Annual LLC Tax Return Filing Requirements

An LLC owned by one IRA is treated as a disregarded entity for federal income tax purposes and no federal or state income tax return is generally required to be filed.  However, an LLC owned by two or more IRAs is treated as a partnership for federal and state income tax return and an IRS Form 1065 and state partnership return is required to be filed.  There would generally be no tax due since an LLC is a flow-through entity for tax purposes; however, the LLC is still required to file the partnership return.  The form is due by April 15 and most state partnership returns are due on that date as well.   In general, every LLC owned by two or more IRAs must file IRS Form 1065, unless the LLC received no income or took any deductions for the year.

Starting in 2023, IRA Financial is excited to launch its in-house tax filing services for Self-Directed IRA LLC and solo 401(k) plan clients. IRA Financial has designed a specialized Self-Directed IRA & Solo 401(k) tax filing service, which will now offer our clients the necessary tax filing services to keep the self-directed retirement solution in IRS compliance. Now – as part of annual consulting service, IRA Financial will prepare Form 1065 (U.S. Return of Partnership Income), Form 990-T (UBIT income tax return), IRS Form 5500-EZ, and IRS Form 1099-R.

Reviewing the IRS Prohibited Transaction Rules

The Internal Revenue Code (IRC) does not describe what an IRA can invest in, only what it cannot invest in. IRC Sections 408 & 4975 prohibits disqualified persons from engaging in certain types of transactions. The purpose of these rules is to encourage the use of IRAs for accumulation of retirement savings and to prohibit those in control of IRAs from taking advantage of the tax benefits for their personal account.

The foundation of these rules is based on the premise that investments involving IRA and related parties are handled in a way that benefits the retirement account and not the IRA owner.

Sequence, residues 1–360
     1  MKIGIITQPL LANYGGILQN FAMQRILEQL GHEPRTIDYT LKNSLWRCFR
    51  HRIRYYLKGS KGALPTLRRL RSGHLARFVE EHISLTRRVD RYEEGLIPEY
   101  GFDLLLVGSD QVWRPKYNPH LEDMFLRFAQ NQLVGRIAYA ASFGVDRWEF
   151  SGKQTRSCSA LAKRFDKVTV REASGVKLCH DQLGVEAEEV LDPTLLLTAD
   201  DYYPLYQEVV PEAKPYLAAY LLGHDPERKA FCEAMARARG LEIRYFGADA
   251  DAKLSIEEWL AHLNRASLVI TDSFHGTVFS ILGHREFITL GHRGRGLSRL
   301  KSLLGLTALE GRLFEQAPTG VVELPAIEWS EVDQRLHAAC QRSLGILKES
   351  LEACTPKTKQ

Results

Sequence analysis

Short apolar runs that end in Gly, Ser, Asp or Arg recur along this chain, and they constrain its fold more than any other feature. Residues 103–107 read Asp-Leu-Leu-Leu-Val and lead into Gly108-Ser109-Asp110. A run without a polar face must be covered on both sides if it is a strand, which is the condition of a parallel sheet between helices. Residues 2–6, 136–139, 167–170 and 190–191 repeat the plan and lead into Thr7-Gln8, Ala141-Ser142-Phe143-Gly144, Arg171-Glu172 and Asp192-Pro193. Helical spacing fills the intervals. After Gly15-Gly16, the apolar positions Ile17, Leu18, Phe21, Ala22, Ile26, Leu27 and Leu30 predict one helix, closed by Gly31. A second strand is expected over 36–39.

Who is a “Disqualified Person?”

The definition of a “disqualified person” (Internal Revenue Code Section 4975(e)(2)) extends into a variety of related party scenarios, but generally includes the IRA holder, any ancestors or lineal descendants of the IRA holder, and entities in which the IRA holder holds a controlling equity or management interest. Learn more.

Application of the IRS Prohibited Transaction Rules

In order to determine whether a proposed transaction is a prohibited transaction and violates IRC 4975, it is important to examine all the parties engaged in the proposed transaction rather than on just the IRA owner.

Pursuant to Internal Revenue Code Section 4975, a self-directed IRA is prohibited from engaging in certain types of transactions. The types of prohibited transactions can be best understood by dividing them into three categories: Direct Prohibited Transactions, Self-Dealing Prohibited Transactions, and Conflict of Interest Prohibited Transactions. To learn how those work, check out this article.

Life Insurance and Certain Collectibles

In addition to the above, pursuant to IRC Section 408(m), a Self-Directed IRA cannot Invest in life insurance contracts or collectibles defined below:

  • Any work of art
  • Any metal or gem
  • Any alcoholic beverage
  • Any rug or antique
  • Any stamp
  • Most coins

However, the IRS has carved out a set of exceptions to the disqualified transaction rules under IRC 408(m) for certain precious metals and coins. The following types of precious metals and coins are allowed to be purchased with a Self-Directed IRA:

  • one, one-half, one-quarter or one-tenth ounce U.S. gold coins (American Gold Eagle coins are the only gold coins specifically approved for IRAs. Other gold coins, to be eligible as IRA investments, must be at least .995 fine (99.5% pure);
  • one ounce silver coins minted by the Treasury Department;
  • any coin issued under the laws of any state;
  • a platinum coin described in 31 USCS 5112(k) ; and
  • gold, silver, platinum or palladium bullion (other than bullion that is made into a coin) of a certain fineness that is in the physical possession of a trustee that meets the requirements for IRA trustees under Code Sec. 408(a).

All IRS-approved precious metals and coins should be held in the physical possession of a United Stated bank or depository and not held personally.

S Corporation Stock

Because of the shareholder restrictions imposed on “S” Corporations, an IRA cannot own stock in an S Corporation.

Overall, when looking at a potential investment with your IRA, it is important to verify that no disqualified person will be involved in the transaction or receive any benefit from such. In addition, if purchasing precious metals or coins, make sure they are IRS-approved and satisfy the requirements under IRC 408(m).